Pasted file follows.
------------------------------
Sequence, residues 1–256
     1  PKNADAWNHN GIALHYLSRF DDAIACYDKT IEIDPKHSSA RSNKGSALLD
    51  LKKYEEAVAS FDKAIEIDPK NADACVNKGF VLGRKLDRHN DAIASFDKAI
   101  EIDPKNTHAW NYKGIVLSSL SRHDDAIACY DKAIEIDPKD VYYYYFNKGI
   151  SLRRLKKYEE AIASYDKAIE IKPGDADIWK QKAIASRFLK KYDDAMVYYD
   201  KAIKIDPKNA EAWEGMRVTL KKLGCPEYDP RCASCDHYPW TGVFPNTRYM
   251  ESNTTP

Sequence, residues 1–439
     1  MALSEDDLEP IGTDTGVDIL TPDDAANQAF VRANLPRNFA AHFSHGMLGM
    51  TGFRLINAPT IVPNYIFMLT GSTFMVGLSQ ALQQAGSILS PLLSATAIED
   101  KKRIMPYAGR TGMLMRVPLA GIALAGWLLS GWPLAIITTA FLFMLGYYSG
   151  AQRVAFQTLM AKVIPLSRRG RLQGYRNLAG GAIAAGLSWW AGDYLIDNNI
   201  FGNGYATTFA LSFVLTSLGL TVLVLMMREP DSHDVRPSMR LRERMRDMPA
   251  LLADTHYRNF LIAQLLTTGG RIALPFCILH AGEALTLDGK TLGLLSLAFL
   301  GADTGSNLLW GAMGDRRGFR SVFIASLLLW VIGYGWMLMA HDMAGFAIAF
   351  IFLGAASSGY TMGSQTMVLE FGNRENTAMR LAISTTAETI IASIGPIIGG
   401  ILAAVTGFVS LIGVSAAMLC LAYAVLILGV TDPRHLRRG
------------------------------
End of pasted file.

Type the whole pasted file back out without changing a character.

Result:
Sequence, residues 1–256
     1  PKNADAWNHN GIALHYLSRF DDAIACYDKT IEIDPKHSSA RSNKGSALLD
    51  LKKYEEAVAS FDKAIEIDPK NADACVNKGF VLGRKLDRHN DAIASFDKAI
   101  EIDPKNTHAW NYKGIVLSSL SRHDDAIACY DKAIEIDPKD VYYYYFNKGI
   151  SLRRLKKYEE AIASYDKAIE IKPGDADIWK QKAIASRFLK KYDDAMVYYD
   201  KAIKIDPKNA EAWEGMRVTL KKLGCPEYDP RCASCDHYPW TGVFPNTRYM
   251  ESNTTP

Sequence, residues 1–439
     1  MALSEDDLEP IGTDTGVDIL TPDDAANQAF VRANLPRNFA AHFSHGMLGM
    51  TGFRLINAPT IVPNYIFMLT GSTFMVGLSQ ALQQAGSILS PLLSATAIED
   101  KKRIMPYAGR TGMLMRVPLA GIALAGWLLS GWPLAIITTA FLFMLGYYSG
   151  AQRVAFQTLM AKVIPLSRRG RLQGYRNLAG GAIAAGLSWW AGDYLIDNNI
   201  FGNGYATTFA LSFVLTSLGL TVLVLMMREP DSHDVRPSMR LRERMRDMPA
   251  LLADTHYRNF LIAQLLTTGG RIALPFCILH AGEALTLDGK TLGLLSLAFL
   301  GADTGSNLLW GAMGDRRGFR SVFIASLLLW VIGYGWMLMA HDMAGFAIAF
   351  IFLGAASSGY TMGSQTMVLE FGNRENTAMR LAISTTAETI IASIGPIIGG
   401  ILAAVTGFVS LIGVSAAMLC LAYAVLILGV TDPRHLRRG